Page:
#Open journalism No news is bad news

Your contributions will help us continue to deliver the stories that are important to you

Support The Journal
Dublin: 7°C Wednesday 28 October 2020
Advertisement

Maths Week: Your Friday puzzle

Fancy another mathematics challenge? (And get the answer to yesterday’s puzzle.)

MATHS WEEK IS under way and, as is our annual tradition, we’re setting our readers some puzzles. Give them a go!

Happy Broomsday!

Ireland’s greatest mathematician, William Rowan Hamilton, was born in Dominick Street Dublin in 1805 and it is claimed that he knew a dozen languages at the age of 10.

He went to study in Trinity College Dublin, where he showed great ability and was chosen for the position as the Andrews Professor of Astronomy there before he graduated.

With this came the title of Royal Astronomer for Ireland and a residence at Dunsink Observatory to the West of the city. On the 16 October 1843 he set out to walk with his wife from Dunsink into the city to a meeting of the Royal Irish Academy.

While he was passing Broom Bridge in Cabra, the solution to a problem he had been working on for years came to him in a flash of inspiration. He carved the strange equation for quaternions on the bridge.

A plaque at the site bears the inscription:

PastedImage-71939

He later wrote: “I then and there felt the galvanic circuit of thought close; and the sparks which fell from it were the fundamental equations between i,j,k; exactly such as I have used them ever since.”

This strange equation was the foundation for a new form of algebra with new rules. It revolutionised 19th-century mathematics. Another new algebra, Boolean Algebra was to come shortly after.  

Although influential, the quaternions didn’t have any significant applications until the late 19th Century, when they were found to be ideal for representing rotation in three dimensions and very useful for controlling the orientation and position of spacecraft and robots and objects in computer generated graphics.

The 16 October has been dubbed “Broomsday” and is celebrated in the annual Hamilton Walk and RIA Hamilton Lecture, both of which will take place online today.

Why is it useful to have a mathematics to describe rotation in three-dimensional space?

If you move three paces forward and three paces to the right, you will end up in the same place as if you move three paces to the right and then move three paces forward. And, you will be facing the same way.

This movement along the ground can be drawn out on a map or chart with movement along in an “x” and a “y” direction. The movement can also be described by algebra. It all gets more complicated when you try to go to three dimensions and include rotation.

Hamilton was looking for a way that could describe this motion and rotation in three dimensions and he worked on the problem for years.

It was such a pre-occupation that his sons would ask him, “Well, Papa, can you multiply
triplets?” and poor Hamilton, would reply with a sad shake of the head: “No, I can only add and subtract them.”

Your challenge today is to explore this movement.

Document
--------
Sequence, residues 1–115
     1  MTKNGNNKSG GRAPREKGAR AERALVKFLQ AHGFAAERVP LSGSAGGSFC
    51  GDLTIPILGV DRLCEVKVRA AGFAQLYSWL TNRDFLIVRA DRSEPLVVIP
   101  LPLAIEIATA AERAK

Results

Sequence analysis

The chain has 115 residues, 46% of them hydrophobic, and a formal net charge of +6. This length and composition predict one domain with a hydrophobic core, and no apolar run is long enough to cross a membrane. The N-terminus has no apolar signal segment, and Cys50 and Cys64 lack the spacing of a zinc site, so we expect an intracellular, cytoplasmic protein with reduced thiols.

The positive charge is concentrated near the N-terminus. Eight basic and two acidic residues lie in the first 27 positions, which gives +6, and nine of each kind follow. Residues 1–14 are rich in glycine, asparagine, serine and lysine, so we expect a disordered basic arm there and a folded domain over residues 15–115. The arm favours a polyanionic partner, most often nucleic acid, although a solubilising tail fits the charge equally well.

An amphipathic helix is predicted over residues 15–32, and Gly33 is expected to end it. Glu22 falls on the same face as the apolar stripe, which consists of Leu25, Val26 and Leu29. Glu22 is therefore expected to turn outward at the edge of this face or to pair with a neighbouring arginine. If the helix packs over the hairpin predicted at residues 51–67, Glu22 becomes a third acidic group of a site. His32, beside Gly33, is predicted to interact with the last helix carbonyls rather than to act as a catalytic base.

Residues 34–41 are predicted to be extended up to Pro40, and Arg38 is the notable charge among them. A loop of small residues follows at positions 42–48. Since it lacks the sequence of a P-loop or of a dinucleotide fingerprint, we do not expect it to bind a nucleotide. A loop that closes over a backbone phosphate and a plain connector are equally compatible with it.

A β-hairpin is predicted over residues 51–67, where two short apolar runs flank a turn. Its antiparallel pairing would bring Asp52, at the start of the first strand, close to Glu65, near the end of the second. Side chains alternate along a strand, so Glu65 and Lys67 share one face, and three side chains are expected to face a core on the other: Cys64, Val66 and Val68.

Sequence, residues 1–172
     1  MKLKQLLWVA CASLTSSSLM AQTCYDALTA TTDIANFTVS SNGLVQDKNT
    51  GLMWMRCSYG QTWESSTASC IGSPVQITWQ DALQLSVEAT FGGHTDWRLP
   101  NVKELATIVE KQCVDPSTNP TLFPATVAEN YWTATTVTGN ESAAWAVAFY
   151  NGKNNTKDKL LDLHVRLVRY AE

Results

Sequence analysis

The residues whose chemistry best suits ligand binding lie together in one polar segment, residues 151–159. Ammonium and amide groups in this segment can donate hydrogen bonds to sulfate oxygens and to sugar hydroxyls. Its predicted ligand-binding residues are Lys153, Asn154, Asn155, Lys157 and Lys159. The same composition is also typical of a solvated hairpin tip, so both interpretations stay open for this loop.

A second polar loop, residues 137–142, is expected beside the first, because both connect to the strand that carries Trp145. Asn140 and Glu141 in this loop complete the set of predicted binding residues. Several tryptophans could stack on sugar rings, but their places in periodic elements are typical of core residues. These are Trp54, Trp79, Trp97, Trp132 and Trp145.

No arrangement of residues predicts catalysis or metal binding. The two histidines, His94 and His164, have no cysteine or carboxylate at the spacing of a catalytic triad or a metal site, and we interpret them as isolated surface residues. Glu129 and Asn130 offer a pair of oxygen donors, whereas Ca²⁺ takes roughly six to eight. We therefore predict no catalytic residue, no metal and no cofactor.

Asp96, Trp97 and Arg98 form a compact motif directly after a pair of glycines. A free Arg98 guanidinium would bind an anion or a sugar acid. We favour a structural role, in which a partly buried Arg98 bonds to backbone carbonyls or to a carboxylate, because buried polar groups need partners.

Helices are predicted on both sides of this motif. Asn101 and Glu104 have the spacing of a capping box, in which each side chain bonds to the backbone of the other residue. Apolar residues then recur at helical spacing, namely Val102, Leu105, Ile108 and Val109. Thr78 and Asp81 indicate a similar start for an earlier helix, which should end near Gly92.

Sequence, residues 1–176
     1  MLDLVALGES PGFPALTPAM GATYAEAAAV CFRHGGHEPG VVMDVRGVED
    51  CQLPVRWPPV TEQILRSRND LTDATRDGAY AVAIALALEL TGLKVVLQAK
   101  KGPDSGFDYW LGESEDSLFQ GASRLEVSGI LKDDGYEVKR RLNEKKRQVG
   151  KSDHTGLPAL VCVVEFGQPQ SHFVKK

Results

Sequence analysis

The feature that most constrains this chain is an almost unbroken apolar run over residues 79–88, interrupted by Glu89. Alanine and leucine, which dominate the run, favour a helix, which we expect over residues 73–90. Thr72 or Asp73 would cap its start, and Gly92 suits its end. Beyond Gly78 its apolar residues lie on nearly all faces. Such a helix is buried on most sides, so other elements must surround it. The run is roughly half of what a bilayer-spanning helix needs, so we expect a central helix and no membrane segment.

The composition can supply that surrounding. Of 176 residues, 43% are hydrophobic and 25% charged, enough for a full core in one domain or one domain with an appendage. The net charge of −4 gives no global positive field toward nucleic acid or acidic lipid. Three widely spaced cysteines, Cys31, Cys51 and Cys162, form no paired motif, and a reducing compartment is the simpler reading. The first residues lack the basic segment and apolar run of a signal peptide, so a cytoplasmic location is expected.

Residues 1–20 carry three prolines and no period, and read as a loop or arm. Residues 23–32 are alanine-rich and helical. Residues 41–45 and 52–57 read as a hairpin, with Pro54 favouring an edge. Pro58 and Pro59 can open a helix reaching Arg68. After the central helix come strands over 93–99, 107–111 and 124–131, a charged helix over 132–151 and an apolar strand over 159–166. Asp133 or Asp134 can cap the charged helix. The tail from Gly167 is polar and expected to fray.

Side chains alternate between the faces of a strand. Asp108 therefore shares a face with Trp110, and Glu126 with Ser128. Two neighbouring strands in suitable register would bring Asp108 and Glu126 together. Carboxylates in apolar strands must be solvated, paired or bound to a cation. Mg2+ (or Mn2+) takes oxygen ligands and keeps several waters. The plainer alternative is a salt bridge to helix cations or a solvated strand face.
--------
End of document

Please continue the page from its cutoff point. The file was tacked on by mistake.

Imagine you have a normal die (opposite sides on dice add up to 7). Imagine you place it before you on a table with the number one facing up, two facing towards you and three facing to your right.

If you rotate the die a quarter turn (90 degrees) away from you, the two will be facing up. Rotate it again two more quarter turns away from you.

Then rotate it two quarter times to your right. What number is facing up now?

Repeat this exercise with the same starting conditions, but this time rotate the die two quarter turns to your right first and then three quarter turns away from you. Your die will be end up in the same finishing place, but what number is now facing up?

All puzzles are by Eoin Gill, the coordinator of Maths Week Ireland and director Calmast STEM Engagement Centre, Waterford Institute of Technology

Come back tomorrow for Saturday’s puzzle and the answer for today’s.  

Thursday’s puzzle: The Answer 

12 cows and 4 milking staff

The Method:

First let us assemble all the information we have been given, and we can deduce: We have staff, stools and cows that have legs (2, 3 and 4 respectively).

Each staff member and the cows have one head each.

Let us call the number of staff, MM. With two legs each the number of their legs will be 2MM.

The number of cows will be called C. The number of cows’ legs will be 4C.

The number of milking-stools will be called MS. The number of stool legs will be 3MS.

Then we can express the total number of legs as follows:

2MM + 4C + 3MS = 68

As cows and staff will have one head each, the total number of heads will be:

MM + C = 16

We can deduce that there should be one stool per staff member.

So MS = MM

So we can write:

2MM + 4C + 3MM = 68

#Open journalism No news is bad news Support The Journal

Your contributions will help us continue to deliver the stories that are important to you

Support us now

Which is:

5MM + 4C = 68

But if MM + C = 16 we can write this as:

C = 16 – MM

And replace the C in the “legs” equation with this.

5MM + 4(16-MM) = 68

5MM + 64 -4MM = 68

MM = 68 – 64

MM = 4

And since MM + C = 16, then C = 16 – 4 = 12

Hence, 12 cows and 4 staff

About the author:

TheJournal.ie team

Read next:

COMMENTS (5)

This is YOUR comments community. Stay civil, stay constructive, stay on topic. Please familiarise yourself with our comments policy here before taking part.
write a comment

    Leave a commentcancel